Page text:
Scott Drenkard of the Tax Foundation reviews the timeline of the adoption of Texas’ margins tax, which is a kind of gross receipts tax. Drenkard examines “the calculation procedures that taxpayers must go through to complete a tax return, and reviews major lawsuits against the Margin Tax, finding that the unique structure of the tax is a problem for taxpayers, legislators, and judges.”
Overview of State and Local Taxation
Ethan D. Millar of Alston and Bird, LLP provides in this briefing an overview of basic state and local tax rules that apply to general business operations and common business transactions, such as mergers and acquisitions. Millar focuses on income and sales/use taxes, but he also briefly discusses real-property transfer taxes, property taxes, net-worth taxes (often called capital stock or franchise taxes), gross receipts taxes, unemployment taxes, wage-withholding taxes, and unclaimed-property laws.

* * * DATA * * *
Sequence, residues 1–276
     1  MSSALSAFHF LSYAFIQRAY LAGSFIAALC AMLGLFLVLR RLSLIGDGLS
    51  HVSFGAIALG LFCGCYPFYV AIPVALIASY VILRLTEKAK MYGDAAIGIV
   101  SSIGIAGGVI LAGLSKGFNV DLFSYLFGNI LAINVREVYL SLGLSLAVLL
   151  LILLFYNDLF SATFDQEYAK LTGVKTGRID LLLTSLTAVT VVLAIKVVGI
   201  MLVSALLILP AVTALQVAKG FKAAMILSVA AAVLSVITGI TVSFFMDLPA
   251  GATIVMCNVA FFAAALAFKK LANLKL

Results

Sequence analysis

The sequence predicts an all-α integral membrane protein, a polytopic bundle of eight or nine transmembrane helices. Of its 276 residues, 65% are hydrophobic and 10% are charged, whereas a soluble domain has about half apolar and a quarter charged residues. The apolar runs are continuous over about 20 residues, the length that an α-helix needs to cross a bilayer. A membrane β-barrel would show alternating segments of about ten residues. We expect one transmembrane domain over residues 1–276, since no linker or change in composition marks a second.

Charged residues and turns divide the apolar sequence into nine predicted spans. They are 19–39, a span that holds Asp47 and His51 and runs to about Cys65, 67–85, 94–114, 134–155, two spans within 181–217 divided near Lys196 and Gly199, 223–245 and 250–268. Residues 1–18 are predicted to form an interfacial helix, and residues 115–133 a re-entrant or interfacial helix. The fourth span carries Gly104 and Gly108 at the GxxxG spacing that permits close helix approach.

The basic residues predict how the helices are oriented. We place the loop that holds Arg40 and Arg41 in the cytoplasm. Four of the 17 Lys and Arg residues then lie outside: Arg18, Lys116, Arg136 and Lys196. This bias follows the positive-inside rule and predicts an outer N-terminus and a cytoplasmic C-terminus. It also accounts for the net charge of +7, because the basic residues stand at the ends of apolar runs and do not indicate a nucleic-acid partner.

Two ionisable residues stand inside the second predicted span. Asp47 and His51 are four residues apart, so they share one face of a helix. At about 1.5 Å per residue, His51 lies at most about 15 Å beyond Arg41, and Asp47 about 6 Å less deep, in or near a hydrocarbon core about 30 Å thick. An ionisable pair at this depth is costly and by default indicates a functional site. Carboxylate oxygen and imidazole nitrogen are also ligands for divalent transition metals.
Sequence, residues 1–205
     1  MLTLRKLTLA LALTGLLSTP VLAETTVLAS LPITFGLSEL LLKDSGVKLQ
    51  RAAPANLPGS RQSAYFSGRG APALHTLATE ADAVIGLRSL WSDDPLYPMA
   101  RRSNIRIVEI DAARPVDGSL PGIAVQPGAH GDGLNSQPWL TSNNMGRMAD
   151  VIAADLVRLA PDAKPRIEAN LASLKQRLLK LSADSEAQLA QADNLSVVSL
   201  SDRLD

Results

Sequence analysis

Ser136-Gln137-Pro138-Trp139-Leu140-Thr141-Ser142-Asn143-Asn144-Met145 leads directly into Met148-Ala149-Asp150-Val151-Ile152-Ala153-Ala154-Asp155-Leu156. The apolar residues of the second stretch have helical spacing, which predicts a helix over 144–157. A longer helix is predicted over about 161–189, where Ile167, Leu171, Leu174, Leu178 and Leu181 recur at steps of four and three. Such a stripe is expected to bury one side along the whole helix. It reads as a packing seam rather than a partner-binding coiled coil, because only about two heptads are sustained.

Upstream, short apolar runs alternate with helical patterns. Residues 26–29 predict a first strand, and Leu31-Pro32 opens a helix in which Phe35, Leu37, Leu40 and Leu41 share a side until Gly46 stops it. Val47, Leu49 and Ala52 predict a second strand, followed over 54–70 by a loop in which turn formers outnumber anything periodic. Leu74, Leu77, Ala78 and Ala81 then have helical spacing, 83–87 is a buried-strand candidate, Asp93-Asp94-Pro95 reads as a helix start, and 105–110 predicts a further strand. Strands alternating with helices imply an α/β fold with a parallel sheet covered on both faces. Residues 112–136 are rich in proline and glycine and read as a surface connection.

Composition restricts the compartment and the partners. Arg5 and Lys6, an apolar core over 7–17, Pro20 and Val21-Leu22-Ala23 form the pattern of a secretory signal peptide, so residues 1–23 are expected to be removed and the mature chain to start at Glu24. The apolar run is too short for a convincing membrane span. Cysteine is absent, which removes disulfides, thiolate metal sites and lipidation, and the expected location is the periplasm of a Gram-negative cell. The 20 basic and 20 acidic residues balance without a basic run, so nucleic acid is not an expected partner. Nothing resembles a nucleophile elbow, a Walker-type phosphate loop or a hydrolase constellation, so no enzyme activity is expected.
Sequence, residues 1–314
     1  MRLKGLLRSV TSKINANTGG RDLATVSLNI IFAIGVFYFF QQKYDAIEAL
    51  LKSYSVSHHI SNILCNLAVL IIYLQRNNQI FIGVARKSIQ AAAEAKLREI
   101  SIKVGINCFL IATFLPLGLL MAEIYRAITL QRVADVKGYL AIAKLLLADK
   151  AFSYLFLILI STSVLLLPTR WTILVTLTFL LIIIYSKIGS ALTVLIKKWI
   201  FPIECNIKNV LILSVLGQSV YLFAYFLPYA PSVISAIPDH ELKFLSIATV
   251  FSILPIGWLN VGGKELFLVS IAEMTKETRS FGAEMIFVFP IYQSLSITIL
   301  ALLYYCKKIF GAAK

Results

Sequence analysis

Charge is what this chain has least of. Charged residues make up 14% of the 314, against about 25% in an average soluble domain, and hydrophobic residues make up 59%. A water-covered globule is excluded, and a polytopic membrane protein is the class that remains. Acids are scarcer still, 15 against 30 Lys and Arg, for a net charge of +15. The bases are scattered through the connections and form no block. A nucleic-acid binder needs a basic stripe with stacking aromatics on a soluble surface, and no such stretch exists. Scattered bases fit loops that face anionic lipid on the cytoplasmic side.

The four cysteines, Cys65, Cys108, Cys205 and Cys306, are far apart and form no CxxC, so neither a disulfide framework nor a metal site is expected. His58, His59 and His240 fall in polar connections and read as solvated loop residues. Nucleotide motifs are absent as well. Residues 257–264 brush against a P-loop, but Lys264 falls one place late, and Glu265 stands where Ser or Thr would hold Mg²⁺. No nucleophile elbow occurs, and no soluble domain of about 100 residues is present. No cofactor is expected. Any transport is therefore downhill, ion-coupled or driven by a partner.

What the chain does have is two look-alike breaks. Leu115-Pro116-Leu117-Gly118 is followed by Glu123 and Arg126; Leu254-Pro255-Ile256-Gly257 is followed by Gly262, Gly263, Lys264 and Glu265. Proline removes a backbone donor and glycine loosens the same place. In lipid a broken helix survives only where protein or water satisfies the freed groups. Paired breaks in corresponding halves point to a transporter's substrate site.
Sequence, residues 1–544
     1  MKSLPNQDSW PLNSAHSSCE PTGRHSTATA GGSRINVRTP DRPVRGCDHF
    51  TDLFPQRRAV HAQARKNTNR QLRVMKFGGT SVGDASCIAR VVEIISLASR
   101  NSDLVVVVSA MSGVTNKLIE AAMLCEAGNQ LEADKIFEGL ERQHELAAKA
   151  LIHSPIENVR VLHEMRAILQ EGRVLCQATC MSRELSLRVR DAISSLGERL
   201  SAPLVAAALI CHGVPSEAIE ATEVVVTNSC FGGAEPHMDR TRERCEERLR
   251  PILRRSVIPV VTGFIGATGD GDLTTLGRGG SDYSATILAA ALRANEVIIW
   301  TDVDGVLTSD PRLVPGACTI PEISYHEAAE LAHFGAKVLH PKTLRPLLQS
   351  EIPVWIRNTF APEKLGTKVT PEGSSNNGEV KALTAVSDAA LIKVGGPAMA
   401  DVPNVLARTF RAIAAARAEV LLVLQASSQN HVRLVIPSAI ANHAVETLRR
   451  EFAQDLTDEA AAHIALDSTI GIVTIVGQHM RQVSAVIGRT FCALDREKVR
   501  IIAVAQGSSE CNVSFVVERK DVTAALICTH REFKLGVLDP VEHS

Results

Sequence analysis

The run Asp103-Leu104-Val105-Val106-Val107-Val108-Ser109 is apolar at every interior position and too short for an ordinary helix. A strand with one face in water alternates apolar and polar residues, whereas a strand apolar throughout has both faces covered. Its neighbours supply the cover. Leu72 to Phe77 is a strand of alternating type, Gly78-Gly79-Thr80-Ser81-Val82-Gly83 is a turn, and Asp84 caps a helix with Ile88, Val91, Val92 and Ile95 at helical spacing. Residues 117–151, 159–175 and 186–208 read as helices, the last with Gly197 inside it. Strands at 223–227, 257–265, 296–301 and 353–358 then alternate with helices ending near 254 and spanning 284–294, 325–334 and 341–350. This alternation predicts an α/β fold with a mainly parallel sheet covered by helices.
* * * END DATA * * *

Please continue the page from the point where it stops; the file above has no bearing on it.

The Fiscal and Economic Impact of a Margin Tax on Nevada
The Nevada Policy Research Institute (NRPI) examines the possible effects of a margins tax on the state’s economy. NRPI commissioned the Beacon Hill Institute at Suffolk University to develop the Nevada State Tax Analysis Modeling Program to identify exactly how changes to the state’s tax laws could alter the decision-making of economic actors. Their findings suggest a margins tax would lower employment, reduce investment, and scale back Nevadans’ incomes.
Nothing in this Research & Commentary is intended to influence the passage of legislation, and it does not necessarily represent the views of The Heartland Institute. For further information on this subject, visit Budget & Tax News at http://news.heartland.org/fiscal, The Heartland Institute’s website at http://heartland.org, and PolicyBot, Heartland’s free online research database at www.policybot.org.
The Heartland Institute can send an expert to your state to testify or brief your caucus; host an event in your state; or send you further information on a topic. Please don’t hesitate to contact us if we can be of assistance! If you have any questions or comments, contact Nathan Makla, Heartland’s state government relations manager, at [email protected] or 312/377-4000.